@Kevin M.: Maybe I'm just being dumb and snide. Or, maybe the point is the text is more important than the medium.

It sucks, but just as the digital camera effectively killed the neighborhood camera store, the eBook is killing the local bookstore. At the end of the day it comes down to price.

Yes, Bob and Dr. G, it's exactly the same thing. A change in medieval printing techniques and the complete cultural and societal shift from physical books, music, movies, etc. to digital. Oh, I get it; we book (as in the actual, tangible book) lovers are old-fashioned and behind the times. Clever.
Why do we all have to jump on every technological advance and abandon the old ones? "Man, I remember when they gathered up all the horses and shot them when the car was invented, or how they blew up all the trains when planes came along. What's that, they all still exist and co-exist?"

I love the book house, and book stores in general. I may frequent Amazon as well, but there is no substitute for going to the store and browsing.

And I agree 100% on the curatorial aspect. It's hard for me to buy a book when I don't know what I want from Amazon. Nothing beats having to buy a book because you accidentally got involved in it at a book store. Not to mention the instant gratification. Even with Amazon Prime, the best I can do is 1-2 days.

I disagree on the Kindle though. That is almost (almost mind you) like reading a real book. I think there is space for both in our lives, unlike CDs and MP3s.

I think ebooks and print books can co-exist. One way I think the brick and mortars will stay alive is through kids books. Taking the kids to the bookstore is an experience and a treat. There are other books(cookbooks, art books) that don't work in an e format. I hope the Book House makes it and I do go spend too much on a book or gift once in a while to help support. I would like to add, as an aside, that no one has gotten a raise in the last three years, even the rest of the world who doesn't pleasantly while away their hours surrounded by soft living and bon mots.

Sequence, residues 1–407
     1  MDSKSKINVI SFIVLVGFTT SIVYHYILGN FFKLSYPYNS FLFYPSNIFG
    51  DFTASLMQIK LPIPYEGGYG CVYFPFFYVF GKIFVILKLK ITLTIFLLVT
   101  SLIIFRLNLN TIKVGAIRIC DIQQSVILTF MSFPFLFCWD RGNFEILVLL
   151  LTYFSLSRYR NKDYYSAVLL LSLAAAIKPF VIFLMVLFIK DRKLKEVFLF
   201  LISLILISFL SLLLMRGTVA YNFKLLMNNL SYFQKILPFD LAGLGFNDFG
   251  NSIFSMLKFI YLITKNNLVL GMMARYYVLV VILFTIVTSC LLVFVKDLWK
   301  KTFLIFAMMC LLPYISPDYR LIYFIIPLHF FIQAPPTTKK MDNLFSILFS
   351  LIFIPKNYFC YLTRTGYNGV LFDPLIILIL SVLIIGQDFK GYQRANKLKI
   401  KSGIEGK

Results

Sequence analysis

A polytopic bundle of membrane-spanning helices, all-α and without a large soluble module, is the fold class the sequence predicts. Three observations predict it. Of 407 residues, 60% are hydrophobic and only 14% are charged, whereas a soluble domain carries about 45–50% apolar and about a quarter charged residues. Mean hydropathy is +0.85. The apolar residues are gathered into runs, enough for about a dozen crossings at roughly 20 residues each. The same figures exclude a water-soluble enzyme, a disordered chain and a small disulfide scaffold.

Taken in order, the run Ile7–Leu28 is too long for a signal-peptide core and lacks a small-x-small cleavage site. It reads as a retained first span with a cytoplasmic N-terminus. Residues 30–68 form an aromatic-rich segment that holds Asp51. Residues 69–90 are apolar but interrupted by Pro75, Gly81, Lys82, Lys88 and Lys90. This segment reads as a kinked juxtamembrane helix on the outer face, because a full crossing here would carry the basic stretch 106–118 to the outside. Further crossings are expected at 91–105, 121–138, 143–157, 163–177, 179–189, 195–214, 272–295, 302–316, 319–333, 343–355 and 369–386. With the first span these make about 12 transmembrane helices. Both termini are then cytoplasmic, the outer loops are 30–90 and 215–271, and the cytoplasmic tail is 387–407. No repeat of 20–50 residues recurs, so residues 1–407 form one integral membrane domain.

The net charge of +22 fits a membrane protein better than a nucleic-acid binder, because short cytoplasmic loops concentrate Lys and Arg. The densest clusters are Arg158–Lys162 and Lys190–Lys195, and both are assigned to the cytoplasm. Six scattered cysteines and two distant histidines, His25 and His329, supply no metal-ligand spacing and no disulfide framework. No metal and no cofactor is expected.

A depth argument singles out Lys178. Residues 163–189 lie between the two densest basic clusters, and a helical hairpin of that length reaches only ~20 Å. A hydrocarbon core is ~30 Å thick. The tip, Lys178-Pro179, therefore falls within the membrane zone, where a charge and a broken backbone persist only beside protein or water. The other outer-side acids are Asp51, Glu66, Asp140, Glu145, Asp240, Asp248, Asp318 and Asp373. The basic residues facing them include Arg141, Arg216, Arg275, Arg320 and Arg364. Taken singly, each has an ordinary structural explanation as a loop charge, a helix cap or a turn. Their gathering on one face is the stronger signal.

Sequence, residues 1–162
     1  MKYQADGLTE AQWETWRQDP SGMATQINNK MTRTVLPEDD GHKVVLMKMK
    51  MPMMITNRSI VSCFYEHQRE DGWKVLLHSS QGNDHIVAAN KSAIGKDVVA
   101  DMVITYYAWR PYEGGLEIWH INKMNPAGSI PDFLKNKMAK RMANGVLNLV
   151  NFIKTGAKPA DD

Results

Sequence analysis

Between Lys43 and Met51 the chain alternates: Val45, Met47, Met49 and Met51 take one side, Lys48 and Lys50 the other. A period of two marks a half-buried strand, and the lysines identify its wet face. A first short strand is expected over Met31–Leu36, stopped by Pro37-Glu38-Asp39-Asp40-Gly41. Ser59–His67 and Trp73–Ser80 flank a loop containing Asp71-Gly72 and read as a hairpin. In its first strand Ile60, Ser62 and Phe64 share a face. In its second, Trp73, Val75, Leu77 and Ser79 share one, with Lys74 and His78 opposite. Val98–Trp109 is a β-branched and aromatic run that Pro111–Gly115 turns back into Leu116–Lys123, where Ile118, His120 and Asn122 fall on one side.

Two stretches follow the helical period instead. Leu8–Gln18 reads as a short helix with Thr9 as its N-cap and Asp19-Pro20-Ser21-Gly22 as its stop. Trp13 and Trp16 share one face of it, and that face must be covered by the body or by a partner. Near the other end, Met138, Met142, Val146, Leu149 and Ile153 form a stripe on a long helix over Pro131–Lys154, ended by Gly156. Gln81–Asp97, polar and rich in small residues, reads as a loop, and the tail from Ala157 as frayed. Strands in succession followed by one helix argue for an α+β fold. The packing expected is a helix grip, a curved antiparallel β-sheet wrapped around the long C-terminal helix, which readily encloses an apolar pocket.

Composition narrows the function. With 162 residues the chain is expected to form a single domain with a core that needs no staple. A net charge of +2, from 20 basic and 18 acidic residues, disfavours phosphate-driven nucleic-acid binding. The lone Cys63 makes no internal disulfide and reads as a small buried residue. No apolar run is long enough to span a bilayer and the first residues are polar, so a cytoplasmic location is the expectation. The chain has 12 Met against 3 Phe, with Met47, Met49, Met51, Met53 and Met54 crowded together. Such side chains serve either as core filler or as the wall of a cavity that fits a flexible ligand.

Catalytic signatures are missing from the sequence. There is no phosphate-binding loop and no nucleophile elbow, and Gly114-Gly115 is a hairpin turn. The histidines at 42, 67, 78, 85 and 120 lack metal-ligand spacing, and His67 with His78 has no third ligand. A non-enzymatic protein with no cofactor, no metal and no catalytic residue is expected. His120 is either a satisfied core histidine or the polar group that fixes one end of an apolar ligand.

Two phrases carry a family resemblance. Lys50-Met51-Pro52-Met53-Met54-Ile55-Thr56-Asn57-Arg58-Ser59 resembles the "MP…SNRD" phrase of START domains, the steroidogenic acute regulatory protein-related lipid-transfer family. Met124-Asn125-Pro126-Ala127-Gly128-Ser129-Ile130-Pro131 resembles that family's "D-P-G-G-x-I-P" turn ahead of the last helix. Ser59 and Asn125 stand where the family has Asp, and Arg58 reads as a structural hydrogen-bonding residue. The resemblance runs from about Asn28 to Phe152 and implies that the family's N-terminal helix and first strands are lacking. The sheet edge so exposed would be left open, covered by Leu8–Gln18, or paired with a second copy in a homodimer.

C.J. wrote: "Why do we all have to jump on every technological advance and abandon the old ones?"

Who's saying we'll abandon physical books? We'll have machine-made paper books for a long time to come.

But, more important, we'll develop ways of integrating the digital medium into our lives that will serve our artistic, intellectual and social needs, just as we have done for paper books through local bookstores. Some of these may be in a "virtual" world, but rest assured that some will remain face-to-face. Why? Because we're thinking, feeling, human beings who respond to the content of the manuscript over the package it happens to be in. We know enough not to judge a book by its cover.

I love the Book House and whenever I need to purchase a book as a gift for someone else, I go there. No question!

However, if I need to get one for myself, it comes from Amazon and goes on my Kindle.

The amount of time it took for me to adjust to the eBook format was about 4 seconds. I just don't understand the frame of mind that dismisses it because of the lack of "tactile experience". I read to learn or be entertained and not to feel paper or smell mustiness. The message of the book is the same but with more convenience.

"even the rest of the world who doesn't pleasantly while away their hours surrounded by soft living and bon mots."